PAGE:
Do as I say, but not as I do
The big three of cricket, India, England, and Australia, recently took over the International Cricket Conference after promising its members, every one of them, more money, plenty more money.
Every member, from the West Indies to Bangladesh, excluding South Africa, who voted yes mainly because of the reprieve granted their chief executive, Haroon Lorgat, and but for Pakistan, voted in indecent haste for the take-over on promises of money, plenty money.
The poor countries also voted, probably unintentionally, for the take-over of cricket by India when they voted in Narayanaswani Srinivasan, the president of the Indian Board of Control, as chairman of the ICC, even though he was under investigation by the Supreme Court of India for the 2013 corruption scandal in the Indian Premier League and was relieved temporarily of the Indian part of his responsibilities.
To vote in Srinivasan as head of the ICC, especially after he was barred from the BCCI presidency, was a perfect example of the popular saying, "do as I say, but not as I do."
Srinivasan was under investigation in the scandal for match-fixing, betting and obstruction. The Supreme Court barred him from holding the BCCI presidency while he was under investigation, and yet the ICC, the body which has been, quite rightly, against corruption in cricket, against fighting match-fixing in cricket, and who has suspended many and banned a few from playing cricket for match-fixing, or betting, or for knowing a bookie, voted him in as its chairman.
That is surely a case of doing what I say, but not what I do.
According to a report from the ICC meeting after the take-over last year, there was no opposition to the constitutional changes, nor to Srinivasan's leadership. One man simply said, "we were all lambs, and we all said yes in all the right places."
The ICC has said very little about Srinivasan and his position since the vote, and with Srinivasan as chairman, that was expected. Srinivasan himself, however, said a few months ago, "I have done nothing wrong, there is no wrongdoing on my part, and, therefore, my conscience is clear. There is no taint on me. Whatever investigations there are will take their course, it will come out. Reports will come out. But unless I have in my mind any doubt have I done anything wrong, I have to think if I have not done (wrong), I do not have any concern."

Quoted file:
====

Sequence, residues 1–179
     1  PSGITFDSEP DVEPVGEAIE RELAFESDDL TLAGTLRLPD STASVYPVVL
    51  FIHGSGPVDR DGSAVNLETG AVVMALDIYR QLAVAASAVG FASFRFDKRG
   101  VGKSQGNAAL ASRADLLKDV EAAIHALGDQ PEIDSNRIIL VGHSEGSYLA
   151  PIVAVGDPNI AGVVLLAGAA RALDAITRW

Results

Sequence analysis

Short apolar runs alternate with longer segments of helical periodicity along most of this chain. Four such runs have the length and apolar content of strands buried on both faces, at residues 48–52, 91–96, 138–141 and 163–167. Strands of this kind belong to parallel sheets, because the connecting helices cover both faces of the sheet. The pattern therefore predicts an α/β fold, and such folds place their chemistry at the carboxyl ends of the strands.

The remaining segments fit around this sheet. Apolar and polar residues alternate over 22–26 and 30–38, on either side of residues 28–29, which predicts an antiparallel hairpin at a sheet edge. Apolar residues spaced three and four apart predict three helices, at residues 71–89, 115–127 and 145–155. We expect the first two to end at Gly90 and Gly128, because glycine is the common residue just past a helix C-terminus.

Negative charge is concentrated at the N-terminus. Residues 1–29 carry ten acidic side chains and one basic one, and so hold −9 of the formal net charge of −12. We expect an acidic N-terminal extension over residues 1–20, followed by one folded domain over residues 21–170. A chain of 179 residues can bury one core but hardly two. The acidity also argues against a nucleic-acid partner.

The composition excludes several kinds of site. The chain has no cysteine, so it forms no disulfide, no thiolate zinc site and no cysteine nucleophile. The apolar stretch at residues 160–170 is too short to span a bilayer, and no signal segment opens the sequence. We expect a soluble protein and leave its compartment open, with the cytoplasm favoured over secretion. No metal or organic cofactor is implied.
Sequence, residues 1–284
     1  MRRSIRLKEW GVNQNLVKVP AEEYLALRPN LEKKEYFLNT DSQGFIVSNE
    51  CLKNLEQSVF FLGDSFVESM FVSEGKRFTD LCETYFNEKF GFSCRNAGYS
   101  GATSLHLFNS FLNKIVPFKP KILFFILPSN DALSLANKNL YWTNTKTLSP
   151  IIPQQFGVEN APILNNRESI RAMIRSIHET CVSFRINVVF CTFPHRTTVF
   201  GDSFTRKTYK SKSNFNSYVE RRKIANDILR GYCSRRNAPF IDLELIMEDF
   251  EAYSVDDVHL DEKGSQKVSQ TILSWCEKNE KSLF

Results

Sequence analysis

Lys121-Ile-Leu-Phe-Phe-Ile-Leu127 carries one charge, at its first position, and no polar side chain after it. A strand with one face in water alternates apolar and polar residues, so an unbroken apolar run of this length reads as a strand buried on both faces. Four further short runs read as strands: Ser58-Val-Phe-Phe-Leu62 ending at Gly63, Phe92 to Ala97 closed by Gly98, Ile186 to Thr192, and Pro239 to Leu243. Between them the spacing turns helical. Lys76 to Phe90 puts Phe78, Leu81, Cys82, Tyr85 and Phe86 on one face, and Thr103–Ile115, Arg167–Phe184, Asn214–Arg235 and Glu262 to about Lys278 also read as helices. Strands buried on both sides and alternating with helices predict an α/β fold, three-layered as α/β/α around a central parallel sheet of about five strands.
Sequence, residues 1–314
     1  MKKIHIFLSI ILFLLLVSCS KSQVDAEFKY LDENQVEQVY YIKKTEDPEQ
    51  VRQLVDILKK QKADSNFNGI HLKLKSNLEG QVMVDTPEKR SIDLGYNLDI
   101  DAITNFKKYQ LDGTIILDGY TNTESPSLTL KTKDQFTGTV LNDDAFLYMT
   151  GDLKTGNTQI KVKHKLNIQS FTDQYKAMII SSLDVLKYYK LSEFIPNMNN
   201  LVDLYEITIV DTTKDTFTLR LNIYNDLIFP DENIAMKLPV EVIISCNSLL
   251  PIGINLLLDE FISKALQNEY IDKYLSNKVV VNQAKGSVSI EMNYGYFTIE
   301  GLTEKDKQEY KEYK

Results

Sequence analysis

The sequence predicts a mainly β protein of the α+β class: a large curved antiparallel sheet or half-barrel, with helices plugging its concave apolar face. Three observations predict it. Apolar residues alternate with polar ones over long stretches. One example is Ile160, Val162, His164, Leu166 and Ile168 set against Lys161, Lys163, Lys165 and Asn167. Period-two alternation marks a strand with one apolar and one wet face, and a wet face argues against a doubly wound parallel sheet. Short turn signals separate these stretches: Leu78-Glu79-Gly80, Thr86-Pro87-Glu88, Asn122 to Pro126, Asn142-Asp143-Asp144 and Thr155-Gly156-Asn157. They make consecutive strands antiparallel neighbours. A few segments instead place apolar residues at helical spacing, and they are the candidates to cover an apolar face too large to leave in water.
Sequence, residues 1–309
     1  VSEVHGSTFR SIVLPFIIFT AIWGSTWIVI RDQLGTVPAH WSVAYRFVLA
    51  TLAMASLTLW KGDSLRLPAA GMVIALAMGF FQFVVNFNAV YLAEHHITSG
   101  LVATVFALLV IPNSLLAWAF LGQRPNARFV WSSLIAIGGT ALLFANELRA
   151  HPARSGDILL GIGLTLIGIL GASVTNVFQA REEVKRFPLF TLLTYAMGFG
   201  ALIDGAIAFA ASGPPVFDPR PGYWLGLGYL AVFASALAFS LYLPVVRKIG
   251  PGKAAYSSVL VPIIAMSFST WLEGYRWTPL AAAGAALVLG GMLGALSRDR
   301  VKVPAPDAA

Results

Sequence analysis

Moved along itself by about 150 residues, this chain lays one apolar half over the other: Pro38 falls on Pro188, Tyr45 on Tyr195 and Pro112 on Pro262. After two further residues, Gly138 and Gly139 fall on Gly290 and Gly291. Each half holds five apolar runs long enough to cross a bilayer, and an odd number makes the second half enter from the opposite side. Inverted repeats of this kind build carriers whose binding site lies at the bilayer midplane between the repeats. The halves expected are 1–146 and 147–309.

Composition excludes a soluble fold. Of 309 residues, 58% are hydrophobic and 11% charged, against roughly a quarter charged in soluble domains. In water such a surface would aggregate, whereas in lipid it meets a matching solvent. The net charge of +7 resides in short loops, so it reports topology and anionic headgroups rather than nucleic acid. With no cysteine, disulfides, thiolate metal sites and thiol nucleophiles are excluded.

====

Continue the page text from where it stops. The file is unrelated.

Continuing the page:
Well, I wonder, not so much what the ICC is thinking now, but what Srinivasan is saying.
According to the Mudgal committee report released two Fridays ago about the ILP scandal, Srinivasan is not guilty of either betting or match-fixing or of having tried to prevent an investigation into the corruption scandal.
According to the report, however, Srinivasan and three other BCCI officials, including a buddy of his, knew about an IPL player violating the code of conduct but took no action.
His buddy is Sundar Raman, chief operating of the IPL, an official of the BCCI and a member of the ICC's Integrity Working Party, a committee which is reviewing cricket's collective approach to the threat of corruption, the function of the ICC's and member boards' domestic anti-corruption units, and their inter-relationships.
He is said, by the Mudgal committee, to be guilty of knowing of the violation but also took no action.
Raman was also the chief man behind the take-over of ICC by India, England and Australia last year, and he was the one who threatened that India would go it alone if the new plans were not accepted.
"Raman knew a contact of a bookie and he had contacted him eight times in one season, and when questioned, he admitted that he knew the man but was unaware of his connection with betting activities," said the Mudgal report.
According to the report, Raman also knew of the involvement of the other two, of Gurunath Meiyappan, son-in-law of Srinivasan and an official of Chennai Super Kings, and of Raj Kundra, a co-owner of the Rajasthan Royals, but also did nothing about them.
He did say, according to the report, that he was informed by the ICC-ACSU chief that that was not actionable information.
This is very interesting, and it is very interesting, especially as a recommendation was made to the ICC by the three bosses of cricket that in future everything pertaining to the ICC-ACSU be dealt with by the chairman of ICC rather than by the chief executive of the ICC.
That matter was deferred, but the chairman of ICC was, and still is, Srinivasan.
Considering that the ICC once threatened that players who knew of anyone who is involved in match-fixing and betting and did not talk to anyone about it would be in trouble, and that the ICC has said that any player who was even contacted by a bookie must report it or else, what now will it do to Srinivasan and Raman, to Meiyappan and Kundra, and also to the ICC-ACSU chief if found guilty.
As far as the fight against match-fixing and betting go, they certainly should be treated no different from many of those who have felt the heat, certainly not from one like Marlon Samuels, who, up to today, deny any wrong doing, except for knowing a man named Mukesh Kochar, who was said to be a bookie.
Samuels, like Raman, said he was guilty of nothing more, and yet he lost two years of his career. As guardians of the castle, if they are found guilty, what will Srinivasan and Raman, Meiyappan and Kundra lose, if anything?
The news out of India, according to Sharda Ugra, a popular cricket writer in India, is that almost the entire BCCI is supporting Srinivasan and Raman. The mood, she says, suggests, "he is one of our own, let's protect him."
Whoever he is, however, in whatever country it is, or whatever language used, fair is supposed to be fair.